Jillian Harris survived a harrowing experience at St. Mary’s Indian residential school in Mission, B.C., which she began attending when she was 14. Today, she is earning a master of divinity at the Vancouver School of Theology, an ecumenical theological institution in the city.
A former chief of the Penelakut Tribe, Harris has also been part of the Women of Courage tour sponsored by the Canadian ecumenical justice group, Kairos, and she has worked alongside indigenous people from Colombia and the Philippines.
But, as she told commissioners of the Truth and Reconciliation Commission of Canada (TRC) here on Sept. 19, her journey toward healing has been “very hard.”
Just last year, she tried to take her own life, something she had once attempted at the age of 10.
Harris had attended a TRC event in Victoria in April 2012, and when she returned home, she said, “It seemed as though the spirit of suicide came roaring in our community.” A respected elder and residential school survivor had killed himself a day before he was to appear for his adjudication regarding a claim for abuse he experienced at the schools , and Harris took his place in the elders’ committee. “It’s strange, but I went on the very seat where they said he always sat,” she said, adding that she immediately felt the pressure of the work of an elder. It was like she was being approached by what sounded like “a train of all the troubles” that had visited her community and family, and she wanted to hurl herself into it to make it stop. Harris downed a bottle of pills.
Reflecting on how she had also attempted suicide, using pills, when she was 10, Harris wondered how a little girl knew how to take them: “How would a ten year old know to take pills? Where did I see that? Where did she learn that and think it would stop the pain?”
Harris’s mother had sent her to residential school because someone from the community had molested her and she thought Harris would be safer there. Instead, she was raped at the school, which was first operated by the Roman Catholic Church and later by the federal government.
The injustice didn’t stop there. As she tried to apply for compensation under the Residential Schools Settlement Agreement’s independent assessment process, a lawyer told her that her story wasn’t good enough. “You’d have to tell a better story than that. You were only raped once. You have to beef that up,” the lawyer told an incredulous Harris. She decided to find another lawyer, who told her that her “story “was not just a story, but evidence of a crime.”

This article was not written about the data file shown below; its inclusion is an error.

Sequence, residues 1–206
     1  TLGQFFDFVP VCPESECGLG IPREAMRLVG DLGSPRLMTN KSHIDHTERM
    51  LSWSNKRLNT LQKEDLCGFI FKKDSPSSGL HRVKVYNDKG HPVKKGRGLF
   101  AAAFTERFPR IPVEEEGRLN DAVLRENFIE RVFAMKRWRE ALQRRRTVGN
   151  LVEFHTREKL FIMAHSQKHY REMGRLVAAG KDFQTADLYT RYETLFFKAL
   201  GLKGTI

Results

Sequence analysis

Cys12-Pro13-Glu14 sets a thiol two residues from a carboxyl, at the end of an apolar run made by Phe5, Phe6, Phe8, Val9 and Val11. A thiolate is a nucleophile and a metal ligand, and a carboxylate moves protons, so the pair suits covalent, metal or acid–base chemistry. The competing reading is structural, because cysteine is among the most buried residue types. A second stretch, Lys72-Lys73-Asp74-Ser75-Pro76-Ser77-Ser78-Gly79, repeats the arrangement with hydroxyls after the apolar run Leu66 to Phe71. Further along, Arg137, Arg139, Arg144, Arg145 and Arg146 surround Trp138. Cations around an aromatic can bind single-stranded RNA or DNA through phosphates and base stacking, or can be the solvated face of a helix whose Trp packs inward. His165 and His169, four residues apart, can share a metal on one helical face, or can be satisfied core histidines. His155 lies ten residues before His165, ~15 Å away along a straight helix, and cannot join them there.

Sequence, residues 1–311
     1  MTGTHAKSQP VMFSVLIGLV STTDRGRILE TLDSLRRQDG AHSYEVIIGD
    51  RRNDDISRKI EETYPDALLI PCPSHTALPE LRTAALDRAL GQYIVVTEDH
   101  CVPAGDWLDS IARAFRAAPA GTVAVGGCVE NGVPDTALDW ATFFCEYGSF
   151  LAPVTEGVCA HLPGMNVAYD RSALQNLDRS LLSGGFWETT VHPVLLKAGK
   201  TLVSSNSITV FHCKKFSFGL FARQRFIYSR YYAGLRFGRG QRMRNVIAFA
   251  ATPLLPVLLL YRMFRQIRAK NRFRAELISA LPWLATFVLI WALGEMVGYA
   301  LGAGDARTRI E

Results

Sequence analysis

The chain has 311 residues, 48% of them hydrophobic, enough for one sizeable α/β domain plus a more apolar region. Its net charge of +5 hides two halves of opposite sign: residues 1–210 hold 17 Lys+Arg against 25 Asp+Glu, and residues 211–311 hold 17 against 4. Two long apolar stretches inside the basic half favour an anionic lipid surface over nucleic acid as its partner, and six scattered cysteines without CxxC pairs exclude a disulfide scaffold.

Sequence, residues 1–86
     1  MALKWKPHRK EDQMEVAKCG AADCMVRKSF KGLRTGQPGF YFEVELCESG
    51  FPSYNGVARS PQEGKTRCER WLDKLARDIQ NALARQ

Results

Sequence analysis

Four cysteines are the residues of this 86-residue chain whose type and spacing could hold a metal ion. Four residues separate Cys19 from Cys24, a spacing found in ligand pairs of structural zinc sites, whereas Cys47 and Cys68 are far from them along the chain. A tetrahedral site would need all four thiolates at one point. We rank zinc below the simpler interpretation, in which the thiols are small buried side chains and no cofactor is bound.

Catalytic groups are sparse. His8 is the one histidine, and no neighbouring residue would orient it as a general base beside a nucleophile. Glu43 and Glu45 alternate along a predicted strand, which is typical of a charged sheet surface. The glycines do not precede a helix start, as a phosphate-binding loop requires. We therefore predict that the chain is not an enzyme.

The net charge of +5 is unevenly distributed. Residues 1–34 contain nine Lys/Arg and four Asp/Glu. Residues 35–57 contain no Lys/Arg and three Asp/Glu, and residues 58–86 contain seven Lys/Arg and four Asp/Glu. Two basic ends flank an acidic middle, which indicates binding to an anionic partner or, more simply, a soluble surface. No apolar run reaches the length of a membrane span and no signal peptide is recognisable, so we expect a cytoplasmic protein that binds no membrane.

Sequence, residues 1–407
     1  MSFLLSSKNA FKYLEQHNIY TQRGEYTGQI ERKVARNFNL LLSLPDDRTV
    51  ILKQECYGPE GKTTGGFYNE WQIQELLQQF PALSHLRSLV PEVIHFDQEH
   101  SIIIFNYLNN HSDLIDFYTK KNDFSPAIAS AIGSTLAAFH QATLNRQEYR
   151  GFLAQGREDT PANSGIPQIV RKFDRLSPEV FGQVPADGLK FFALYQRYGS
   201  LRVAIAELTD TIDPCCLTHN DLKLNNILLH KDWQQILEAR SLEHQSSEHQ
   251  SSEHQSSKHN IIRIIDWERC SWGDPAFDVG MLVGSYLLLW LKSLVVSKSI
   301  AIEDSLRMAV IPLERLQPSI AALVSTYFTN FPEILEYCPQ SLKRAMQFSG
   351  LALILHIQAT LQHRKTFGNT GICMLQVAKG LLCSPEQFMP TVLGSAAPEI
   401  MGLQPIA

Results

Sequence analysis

As Harris sat before the commissioners’ panel at the B.C. National Event, being held here Sept. 16 to 21, she was surrounded by several women who, she said, had supported her for the last 15 years. Among them were Penelakut elder, Florence James; the Rev. Lily Bell, a priest from St. John’s Anglican Church in Old Masset in Haida Gwaii, B.C.; and the Rev. Dr. Wendy Fletcher, a professor at Vancouver School of Theology. Harris referred to James as her mentor, and Bell as the aboriginal woman and seeker of justice that she wants to be.
“I’ve always felt inferior,” said Harris, adding that when Kairos approached her, she didn’t know how they could possibly think of her as a woman with courage. But, as she stood side by side indigenous people in Colombia and the Philippines who are fighting for their lands, Harris said she realized that she was no longer just “the little girl who was afraid of the world.”
Harris said she is relieved that those who abused her in her community have died. But, not knowing the fate of her abuser at the school, she addressed the person in her statement, saying: ‘I’m sure you must be suffering as much as me…I’ve carried this pain for a very long time now. But this is the day that I cut off my bondage to you…But I hope that you would also free yourself and ask for forgiveness from the Creator.”